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Rugby

06th Oct 2023

Peter O’Mahony went up another step in our estimations after 100th cap comments

Lee Costello

Peter O'Mahony

“It’s almost a little bit embarrassing.”

Peter O’Mahony “never dreamed” that he would reach 100 caps for Ireland, but this Saturday against Scotland at the Rugby World Cup, that’s exactly what he is going to do.

The Munster veteran will become only the tenth Ireland international to reach that milestone when he runs out onto the Stade de France.

The 34-year-old flanker admits that he is almost uncomfortable joining that list of incredible players who represented his country throughout the years.

“I’m still surprised no matter what the year. When I look at the people who have got to 100 [caps], it’s almost a little bit embarrassing with the names ahead of me to be honest, people I grew up following and supporting, hugely inspirational characters.

Peter O'Mahony

“To be the 10th, it’s going to take some time to settle in. It’s certainly nothing I ever expected or dreamed of. We all talk about having dreams, but that was way off the radar to be honest.”

Peter O’Mahoney on focusing only on Scotland game

In typical O’Mahony fashion, he does wish that there was less hype and focus on him becoming a centurion, and more on the task at hand.

“I would love to be inside there now having a cup of tea with the lads. This would be last place I’d say I want to be. But I’ve had some texts already and I’m hugely grateful for everyone’s best wishes and that.

“But I want to win for the lads at the weekend, that’s the main thing.”

Peter O'Mahony

How Peter O’Mahony adapted to training as he got older.

Entering the latter stages of his career, the seasoned professional has picked up a thing or two on how to adjust things, so he can still get the best out of himself.

“I have spoken to a few guys who have finished or at the end stage of their careers. You can’t do as much as the young guys do these days – some of the extras they do afterwards and pre-training, I just can’t physically do them.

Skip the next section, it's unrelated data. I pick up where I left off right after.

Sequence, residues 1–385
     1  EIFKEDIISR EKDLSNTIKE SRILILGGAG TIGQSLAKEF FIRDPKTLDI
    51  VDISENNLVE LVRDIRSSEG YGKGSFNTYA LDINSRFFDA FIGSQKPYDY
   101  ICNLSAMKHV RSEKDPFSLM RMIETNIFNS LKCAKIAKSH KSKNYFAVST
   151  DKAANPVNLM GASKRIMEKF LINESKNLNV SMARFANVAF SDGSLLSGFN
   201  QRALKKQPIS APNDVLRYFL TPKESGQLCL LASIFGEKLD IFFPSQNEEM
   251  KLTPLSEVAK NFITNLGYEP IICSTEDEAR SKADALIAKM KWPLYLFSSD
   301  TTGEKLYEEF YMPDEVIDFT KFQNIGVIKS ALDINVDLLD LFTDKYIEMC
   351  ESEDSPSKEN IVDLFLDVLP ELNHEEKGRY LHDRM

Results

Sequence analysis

“So I need to use sessions as diligently as I can to get as much fitness, ball-play, whatever. I need to get that in the session really as I’m pushing on a bit. It’s changed in a few of those dynamics, stuff in the gym where a few years ago I would have been flying.

“But you just need to manage the body a bit more. The main thing for me is Saturday – it’s getting yourself ready and prepared for a test match.

“There are certainly adjustments that need to be made, and I’ve had some good S&C [strength and conditioning] guys and coaches who have looked after me down the years.

“It’s about me being physically able to play at the weekend and in the best possible nick, then I’m normally in a good place. A lot of times the tendency in bigger weeks is to do more, because you think it’s a bigger week and we’ve got to get to get through more.

“But what we’ve learned over time is that less is more at times, to keep the juice in the legs. That’s an analogy I’ve used a bit more as I’ve got older.”

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